"sachs" Discussed on Exchanges at Goldman Sachs

Exchanges at Goldman Sachs

03:38 min | 2 years ago

"sachs" Discussed on Exchanges at Goldman Sachs

"Welcome to exchanges. Goldman sachs. I'm Jake Siewert global head of corporate communications here at the firm today. I'm here with MandA hill. Lynn and Sandra Lawson to talk about a new report that you co wrote with some other women at the firm from the global markets institute or GMI called closing the gender gaps advancing women in corporate America GMI is the independent public policy and corporate advisory think-tank for Goldman Sachs. Amanda is chief operating officer for global investment research and the president GMI and Sandra is executive director of GMI, Sandra. Amanda walk into the program. Thanks for having us. Yes. Thanks for having us. So let's start at the beginning. Amanda, why did you decide to write on this topic? And was there a particular catalyst? There's no topic that is more front of mind today than gender equality and equality in general, it doesn't matter whether. Are you open your newspaper your Twitter feed your inbox? You talk to your friends you talk to clients colleagues. This is a topic that people are focused on and not only is it a topic that people are focused on but our clients in particular have begun to ask us questions around. How do they move the needle on the issue of gender equality and promote more women inside of their organizations and see better gender related outcomes. And so really for us from an advisory perspective the principal catalyst was demand from our clients. And then of course, it's something that we find personally interesting as well. And also happens to be one of the topics that is front of mind for our society at large today, those were really the fundamental underpinnings for the reason to write the report, Amanda, what kind of feedback gotten since you publish this report. It's funny. I think there is a view that this could potentially be controversial. And in fact, the feedback has been just the opposite. In other words. Most of our clients both on the institutional investing side and on the corporate side have said to us. Yes, we understand. We're facing these issues. Thank you for talking about them. We want actually be involved in a dialogue and debate. We don't wanna be uncomfortable. Having these discussions. There's no stigma associated with it. We should be out there in the dialogue. And if you're not part of the dialogue, you can't possibly understand what's going on. So for us. It was actually a lot less controversial in very well received by our client base so far. I'm just going to guess that some of the people thought it would be caught virtual or men, actually. No, no, no, no. It was actually quite mixed. Yeah. We've really wasn't just men. Yeah. Okay. It was quite mixed. Sometimes you have to talk about things that are slightly uncomfortable. And you have to talk about them. Because if you don't talk about them, you can't resolve problems. And sometimes when you go close to an issue and talk about things like downshifting, whether it's voluntary or in volunteer. Gary it's natural for people to just get a little bit uncomfortable around that. And so I think from our perspective we wanted to be very clear that we weren't trying to take view. We were never trying to say that women shouldn't feel like they can make choices in their lives. Of course, they showed in those choices should be respected. But we wanted to be part of the dialogue and demonstrate with numbers and facts, what some of the issues are that are outside in the world, and that are facing women, but these are not only women's issues their issues for society at large their issues for men, and they can't be viewed as only being women's issues. So I would say feedback overall has been really positive so turn to the report you talk a bit about this twenty percent wage gap, which gets a lot of attention in the national press in our conversations about this..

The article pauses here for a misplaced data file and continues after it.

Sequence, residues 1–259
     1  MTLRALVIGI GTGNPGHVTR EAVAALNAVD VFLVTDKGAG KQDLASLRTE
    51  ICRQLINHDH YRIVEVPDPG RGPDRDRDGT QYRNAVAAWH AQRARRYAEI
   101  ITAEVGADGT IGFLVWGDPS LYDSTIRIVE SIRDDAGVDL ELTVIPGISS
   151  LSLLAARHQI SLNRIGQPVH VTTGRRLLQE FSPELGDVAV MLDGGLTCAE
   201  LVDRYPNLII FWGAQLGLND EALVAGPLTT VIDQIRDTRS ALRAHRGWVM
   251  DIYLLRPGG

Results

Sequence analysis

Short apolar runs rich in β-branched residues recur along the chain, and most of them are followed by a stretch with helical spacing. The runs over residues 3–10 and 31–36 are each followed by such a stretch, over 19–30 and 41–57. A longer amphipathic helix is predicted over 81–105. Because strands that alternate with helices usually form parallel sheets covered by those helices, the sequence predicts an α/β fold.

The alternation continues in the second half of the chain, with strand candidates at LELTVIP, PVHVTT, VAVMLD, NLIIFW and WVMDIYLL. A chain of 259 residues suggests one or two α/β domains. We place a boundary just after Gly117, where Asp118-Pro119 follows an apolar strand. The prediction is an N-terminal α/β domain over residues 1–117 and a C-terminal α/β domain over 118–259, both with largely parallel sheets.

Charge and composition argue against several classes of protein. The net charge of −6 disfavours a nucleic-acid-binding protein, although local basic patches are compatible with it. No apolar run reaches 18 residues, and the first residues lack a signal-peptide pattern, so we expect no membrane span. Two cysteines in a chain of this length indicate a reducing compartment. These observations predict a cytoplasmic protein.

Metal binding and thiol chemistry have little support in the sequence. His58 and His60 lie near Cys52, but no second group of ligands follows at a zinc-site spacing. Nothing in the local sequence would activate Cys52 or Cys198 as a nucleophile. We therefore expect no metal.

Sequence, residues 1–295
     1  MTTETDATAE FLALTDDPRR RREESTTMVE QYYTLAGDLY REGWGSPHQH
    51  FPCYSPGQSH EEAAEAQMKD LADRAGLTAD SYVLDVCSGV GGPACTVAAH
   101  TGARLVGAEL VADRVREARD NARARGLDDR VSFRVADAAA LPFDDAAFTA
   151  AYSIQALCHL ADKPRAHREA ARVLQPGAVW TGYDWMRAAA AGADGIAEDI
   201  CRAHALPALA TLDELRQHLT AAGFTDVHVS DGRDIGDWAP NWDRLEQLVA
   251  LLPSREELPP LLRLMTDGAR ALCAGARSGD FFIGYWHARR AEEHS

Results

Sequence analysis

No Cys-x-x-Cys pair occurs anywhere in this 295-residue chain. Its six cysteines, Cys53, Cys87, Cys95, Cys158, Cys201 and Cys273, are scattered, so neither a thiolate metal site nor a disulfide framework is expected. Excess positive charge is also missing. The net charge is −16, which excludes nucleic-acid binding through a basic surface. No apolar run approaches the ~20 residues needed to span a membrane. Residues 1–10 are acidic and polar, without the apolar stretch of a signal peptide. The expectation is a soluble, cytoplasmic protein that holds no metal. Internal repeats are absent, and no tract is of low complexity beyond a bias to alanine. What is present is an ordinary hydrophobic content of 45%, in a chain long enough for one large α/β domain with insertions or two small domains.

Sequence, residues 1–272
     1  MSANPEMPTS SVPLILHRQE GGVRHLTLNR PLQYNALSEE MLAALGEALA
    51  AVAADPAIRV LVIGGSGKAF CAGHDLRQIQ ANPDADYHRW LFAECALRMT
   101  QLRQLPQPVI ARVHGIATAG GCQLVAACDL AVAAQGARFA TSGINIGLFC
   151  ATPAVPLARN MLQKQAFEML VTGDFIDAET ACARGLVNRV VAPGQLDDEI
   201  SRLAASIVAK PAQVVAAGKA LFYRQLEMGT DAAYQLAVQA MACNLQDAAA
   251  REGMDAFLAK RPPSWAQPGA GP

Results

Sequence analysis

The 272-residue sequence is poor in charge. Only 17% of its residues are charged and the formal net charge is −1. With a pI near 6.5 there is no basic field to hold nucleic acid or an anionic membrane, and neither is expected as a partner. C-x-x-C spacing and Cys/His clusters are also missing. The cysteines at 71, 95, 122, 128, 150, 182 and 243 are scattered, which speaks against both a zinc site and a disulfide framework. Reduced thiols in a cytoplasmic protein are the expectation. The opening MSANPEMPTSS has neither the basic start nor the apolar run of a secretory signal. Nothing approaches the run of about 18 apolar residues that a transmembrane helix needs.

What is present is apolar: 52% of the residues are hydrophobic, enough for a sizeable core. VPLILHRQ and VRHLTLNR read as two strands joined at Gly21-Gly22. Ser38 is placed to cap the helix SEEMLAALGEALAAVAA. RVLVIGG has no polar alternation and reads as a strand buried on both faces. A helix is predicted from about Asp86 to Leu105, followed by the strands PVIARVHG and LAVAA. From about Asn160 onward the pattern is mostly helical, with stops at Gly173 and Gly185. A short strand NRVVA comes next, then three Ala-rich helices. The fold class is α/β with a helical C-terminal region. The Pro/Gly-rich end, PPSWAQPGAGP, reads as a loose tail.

Amanda GMI Sandra Lawson Goldman sachs global head of corporate commu Jake Siewert MandA hill Twitter chief operating officer global markets institute executive director America Lynn president principal Gary twenty percent
"sachs" Discussed on Exchanges at Goldman Sachs